Pharmacy Practice Ambassador
Q: What are your goals for Equally Well? What inspires you about Equally Well?A: An inspiring feature of Equally Well is the ‘front and centre’ person-centred approach which permeates the organisation’s philosophy and activities. This focus helps to ensure – in practical and measurable ways – that the nature of interpersonal communications and interactions is enabling and facilitatory. This explicit focus can also provide a contextual basis to inform research projects and associated agendas. Equally Well embraces a vision which is forward looking and informed by creative and inclusive thinking ‘outside the box’; plotting new ways to tackle intransigent problems and creating a legacy of good inspires me!
Q: How do you see Equally Well benefiting carers/consumers/practitioners?A: An approach such as that championed by Equally Well, which values both synergy and divergent viewpoints as guiding principles, has real potential to challenge the status quo and effect positive and enduring change. I believe our diversity and combined energies can make a genuine and sustainable difference to reducing comorbidities and ‘closing the gap’ in life expectancy for people living with mental illness(es). As a pharmacist, I am passionate about the intelligent, safe, and efficient use of medicines, particularly for users of mental health services who are frequently also users of other health-related facilities.
Q: What hurdles do you currently see Equally Well facing and will have to face in the future? Is there a particular area you believe needs more focus that EW can develop on?A: Over the last two years, the pandemic has caused many hurdles to people accessing healthcare – including routine appointments and preventive screening and monitoring. This has been especially difficult for people experiencing mental illness because of the additional challenges many have encountered, including reduced/no access to face-to-face support, infrequent/unpredictable contact with trusted care providers, and long periods of (COVID-19 related) isolation, all of which have increased vulnerabilities and negatively impacted physical health. I hope to see Equally Well making a material difference in shifting public perceptions away from conceptualising people living with mental illness(es) in ways that demonise, stigmatise and dehumanise.
Q: What have you personally learnt and has this knowledge impacted your life and/or the lives of those around you?A: My early career provided me an opportunity to work as a pharmacist in a ‘closed’ hospital environment, with people who had lived there for many years but were in the process of transitioning to new ways of living in community settings. This change was accompanied by a more individualised focus, taking account of the person’s social and emotional needs rather than the previous (exclusive) emphasis on their mental illness(s). Experiencing different ways of working, and observing the relationship between environmental factors and well-being, was a turning point in my career; it radically altered my approach to mental health care provision.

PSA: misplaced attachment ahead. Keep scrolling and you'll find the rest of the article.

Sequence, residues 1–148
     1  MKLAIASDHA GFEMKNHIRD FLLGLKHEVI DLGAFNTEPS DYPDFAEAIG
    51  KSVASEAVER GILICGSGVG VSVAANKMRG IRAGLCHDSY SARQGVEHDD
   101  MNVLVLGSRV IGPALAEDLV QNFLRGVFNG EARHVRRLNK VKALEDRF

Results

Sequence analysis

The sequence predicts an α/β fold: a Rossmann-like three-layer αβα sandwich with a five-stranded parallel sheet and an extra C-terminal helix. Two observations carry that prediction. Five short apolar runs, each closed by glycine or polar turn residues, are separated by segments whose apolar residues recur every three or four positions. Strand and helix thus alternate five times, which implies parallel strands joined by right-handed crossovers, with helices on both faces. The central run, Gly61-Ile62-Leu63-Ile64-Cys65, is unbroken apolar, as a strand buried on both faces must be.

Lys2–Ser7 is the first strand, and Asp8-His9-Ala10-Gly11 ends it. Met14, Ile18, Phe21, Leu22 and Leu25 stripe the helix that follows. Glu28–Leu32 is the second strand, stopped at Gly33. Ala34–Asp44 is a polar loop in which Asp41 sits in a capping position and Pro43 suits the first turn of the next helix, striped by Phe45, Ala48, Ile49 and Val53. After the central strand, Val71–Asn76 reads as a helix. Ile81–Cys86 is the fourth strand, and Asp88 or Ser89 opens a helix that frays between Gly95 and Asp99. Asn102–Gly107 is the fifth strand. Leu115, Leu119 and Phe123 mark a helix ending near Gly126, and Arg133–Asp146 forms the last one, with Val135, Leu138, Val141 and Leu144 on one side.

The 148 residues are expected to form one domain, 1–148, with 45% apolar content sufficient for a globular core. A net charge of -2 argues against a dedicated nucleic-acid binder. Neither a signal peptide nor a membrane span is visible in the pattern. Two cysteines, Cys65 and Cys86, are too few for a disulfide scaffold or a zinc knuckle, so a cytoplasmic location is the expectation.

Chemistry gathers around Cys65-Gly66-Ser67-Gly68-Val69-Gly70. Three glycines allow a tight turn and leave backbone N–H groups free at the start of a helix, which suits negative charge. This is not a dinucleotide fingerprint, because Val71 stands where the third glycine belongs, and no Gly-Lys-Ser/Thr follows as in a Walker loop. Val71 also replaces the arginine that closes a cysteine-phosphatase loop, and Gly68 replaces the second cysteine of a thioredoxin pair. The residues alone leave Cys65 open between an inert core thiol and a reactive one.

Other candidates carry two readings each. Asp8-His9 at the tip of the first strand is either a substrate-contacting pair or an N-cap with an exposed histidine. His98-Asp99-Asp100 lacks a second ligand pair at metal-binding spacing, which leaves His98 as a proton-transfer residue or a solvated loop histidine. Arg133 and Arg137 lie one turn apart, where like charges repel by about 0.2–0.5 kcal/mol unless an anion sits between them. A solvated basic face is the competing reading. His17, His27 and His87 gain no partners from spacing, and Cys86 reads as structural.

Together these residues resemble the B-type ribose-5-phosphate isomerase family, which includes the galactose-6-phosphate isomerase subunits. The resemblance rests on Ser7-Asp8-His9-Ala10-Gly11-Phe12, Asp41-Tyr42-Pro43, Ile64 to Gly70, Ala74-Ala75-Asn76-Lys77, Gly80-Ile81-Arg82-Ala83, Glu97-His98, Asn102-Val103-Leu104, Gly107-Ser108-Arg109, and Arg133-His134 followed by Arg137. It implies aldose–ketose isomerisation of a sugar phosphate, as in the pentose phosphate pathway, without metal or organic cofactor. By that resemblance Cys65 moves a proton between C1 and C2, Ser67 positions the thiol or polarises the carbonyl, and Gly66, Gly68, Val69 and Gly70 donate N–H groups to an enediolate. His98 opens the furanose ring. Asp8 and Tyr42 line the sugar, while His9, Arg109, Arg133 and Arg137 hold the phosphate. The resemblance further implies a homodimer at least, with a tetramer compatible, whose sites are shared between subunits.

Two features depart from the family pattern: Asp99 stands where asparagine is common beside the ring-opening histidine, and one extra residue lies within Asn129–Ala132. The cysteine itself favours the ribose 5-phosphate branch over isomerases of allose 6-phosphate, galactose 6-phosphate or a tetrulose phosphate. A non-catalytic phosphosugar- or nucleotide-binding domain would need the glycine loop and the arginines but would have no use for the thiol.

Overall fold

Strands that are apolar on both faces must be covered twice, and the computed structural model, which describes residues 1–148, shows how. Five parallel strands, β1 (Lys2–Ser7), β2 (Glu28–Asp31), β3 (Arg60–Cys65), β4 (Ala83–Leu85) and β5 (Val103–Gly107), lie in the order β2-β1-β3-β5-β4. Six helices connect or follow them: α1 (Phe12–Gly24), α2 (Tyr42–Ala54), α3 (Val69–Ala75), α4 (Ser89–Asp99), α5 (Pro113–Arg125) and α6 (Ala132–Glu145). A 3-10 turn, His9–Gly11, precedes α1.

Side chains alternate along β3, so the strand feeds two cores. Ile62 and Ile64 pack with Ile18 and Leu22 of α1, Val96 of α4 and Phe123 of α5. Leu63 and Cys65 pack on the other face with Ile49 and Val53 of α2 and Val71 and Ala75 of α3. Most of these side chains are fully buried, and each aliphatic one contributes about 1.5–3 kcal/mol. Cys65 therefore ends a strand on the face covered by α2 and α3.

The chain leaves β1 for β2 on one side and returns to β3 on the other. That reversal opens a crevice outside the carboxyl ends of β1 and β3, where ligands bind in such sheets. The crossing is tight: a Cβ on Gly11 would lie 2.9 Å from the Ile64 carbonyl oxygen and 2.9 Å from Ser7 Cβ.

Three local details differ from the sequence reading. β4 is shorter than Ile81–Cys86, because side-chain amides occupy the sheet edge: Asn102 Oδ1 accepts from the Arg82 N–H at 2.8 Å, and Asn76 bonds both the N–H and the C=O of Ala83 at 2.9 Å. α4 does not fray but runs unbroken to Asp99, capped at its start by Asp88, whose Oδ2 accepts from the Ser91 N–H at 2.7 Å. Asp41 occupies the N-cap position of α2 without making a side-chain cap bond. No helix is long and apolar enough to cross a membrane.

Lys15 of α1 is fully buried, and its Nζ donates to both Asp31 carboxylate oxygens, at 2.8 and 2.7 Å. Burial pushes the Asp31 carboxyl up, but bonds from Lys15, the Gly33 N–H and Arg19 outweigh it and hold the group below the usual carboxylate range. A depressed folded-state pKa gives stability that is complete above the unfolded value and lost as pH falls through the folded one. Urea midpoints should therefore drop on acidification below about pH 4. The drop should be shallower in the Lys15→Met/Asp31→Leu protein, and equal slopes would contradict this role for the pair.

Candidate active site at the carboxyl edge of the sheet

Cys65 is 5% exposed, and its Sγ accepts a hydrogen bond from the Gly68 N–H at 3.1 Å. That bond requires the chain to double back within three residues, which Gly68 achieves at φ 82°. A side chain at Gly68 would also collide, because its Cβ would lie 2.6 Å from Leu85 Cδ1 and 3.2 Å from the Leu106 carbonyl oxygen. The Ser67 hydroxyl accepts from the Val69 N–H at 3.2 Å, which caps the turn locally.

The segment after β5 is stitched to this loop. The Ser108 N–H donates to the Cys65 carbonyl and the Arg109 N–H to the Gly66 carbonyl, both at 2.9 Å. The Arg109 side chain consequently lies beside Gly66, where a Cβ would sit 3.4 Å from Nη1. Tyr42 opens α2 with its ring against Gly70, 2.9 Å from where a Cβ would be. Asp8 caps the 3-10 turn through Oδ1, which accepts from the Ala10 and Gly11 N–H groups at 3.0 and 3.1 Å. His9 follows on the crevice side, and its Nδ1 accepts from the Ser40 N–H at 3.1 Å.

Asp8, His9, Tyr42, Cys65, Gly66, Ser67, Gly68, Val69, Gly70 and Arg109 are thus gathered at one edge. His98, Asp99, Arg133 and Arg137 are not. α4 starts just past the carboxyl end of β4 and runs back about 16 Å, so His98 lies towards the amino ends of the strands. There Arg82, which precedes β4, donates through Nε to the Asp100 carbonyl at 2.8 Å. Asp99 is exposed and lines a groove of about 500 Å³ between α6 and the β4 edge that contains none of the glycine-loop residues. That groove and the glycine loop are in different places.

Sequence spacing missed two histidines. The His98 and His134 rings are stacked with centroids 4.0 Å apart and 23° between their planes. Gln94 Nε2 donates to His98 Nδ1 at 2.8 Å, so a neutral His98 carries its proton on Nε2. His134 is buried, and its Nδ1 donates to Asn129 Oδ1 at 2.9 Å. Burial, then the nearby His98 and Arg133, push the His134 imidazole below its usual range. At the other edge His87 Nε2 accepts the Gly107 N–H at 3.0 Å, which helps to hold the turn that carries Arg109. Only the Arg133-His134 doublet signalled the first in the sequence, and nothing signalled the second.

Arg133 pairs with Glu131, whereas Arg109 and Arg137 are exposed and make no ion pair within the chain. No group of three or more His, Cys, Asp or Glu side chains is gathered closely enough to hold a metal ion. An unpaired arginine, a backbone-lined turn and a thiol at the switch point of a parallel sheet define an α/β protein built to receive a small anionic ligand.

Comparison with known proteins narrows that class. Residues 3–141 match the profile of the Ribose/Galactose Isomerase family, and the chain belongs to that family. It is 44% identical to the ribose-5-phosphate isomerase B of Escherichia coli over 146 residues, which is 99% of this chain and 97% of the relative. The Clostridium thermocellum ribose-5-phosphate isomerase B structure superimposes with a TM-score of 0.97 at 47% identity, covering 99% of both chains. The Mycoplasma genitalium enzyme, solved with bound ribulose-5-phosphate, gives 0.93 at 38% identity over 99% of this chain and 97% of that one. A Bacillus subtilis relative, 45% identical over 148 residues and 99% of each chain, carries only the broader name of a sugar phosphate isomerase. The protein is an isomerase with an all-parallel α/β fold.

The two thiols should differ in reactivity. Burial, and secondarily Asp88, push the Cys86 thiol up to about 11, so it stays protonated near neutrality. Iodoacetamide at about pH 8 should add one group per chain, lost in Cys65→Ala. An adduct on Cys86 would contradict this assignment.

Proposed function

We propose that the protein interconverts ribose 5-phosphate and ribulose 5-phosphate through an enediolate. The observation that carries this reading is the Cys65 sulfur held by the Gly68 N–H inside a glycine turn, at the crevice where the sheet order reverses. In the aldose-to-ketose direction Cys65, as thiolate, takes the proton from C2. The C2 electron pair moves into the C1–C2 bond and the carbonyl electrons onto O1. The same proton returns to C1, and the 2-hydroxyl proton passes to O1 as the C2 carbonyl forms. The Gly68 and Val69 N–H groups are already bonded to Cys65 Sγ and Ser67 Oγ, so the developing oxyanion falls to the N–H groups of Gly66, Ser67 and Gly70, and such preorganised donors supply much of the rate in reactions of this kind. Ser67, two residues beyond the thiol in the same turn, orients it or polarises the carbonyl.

Q: As an Equally Well Ambassador, you are an advocate for improving the physical health of people living with a mental illness, since the symposium, have there been any new developments or research in your field?A: Over the last two years I have led an Australian, government-funded, project investigating the effectiveness of a person-centred, goal-oriented, and flexible support service provided by community pharmacists. The PharMIbridge RCT (Bridging the Gap between Physical and Mental Illness in Community Pharmacy) aims to enhance the way community pharmacists support people living with severe and persistent mental illness. As front-line health professionals, pharmacists are well positioned to assist with improving mental and physical health outcomes, helping to resolve medication-related problems, including medication adherence, and signposting consumers to other relevant health professionals and services. We hope the PharMIbridge research findings (expected in 2023) will lead to improvements in overall health outcomes for people living with severe and persistent mental illness.
Q: What do you see is your role for Equally Well as one of our ambassadors?A: I am passionate about disseminating research findings, making these accessible to those who can most benefit – whether they be consumers and carers, policy makers and politicians, academics, or the interested taxpaying public (who have often funded the research). Ensuring a good ‘fit’ with respect to delivering information in audience-appropriate formats helps to ‘mainstream’ evidence and attract the desired response. Importantly, it also supports pharmacy and other healthcare students and junior staff to recognise the value of mental health research and perhaps to pursue careers in this important field.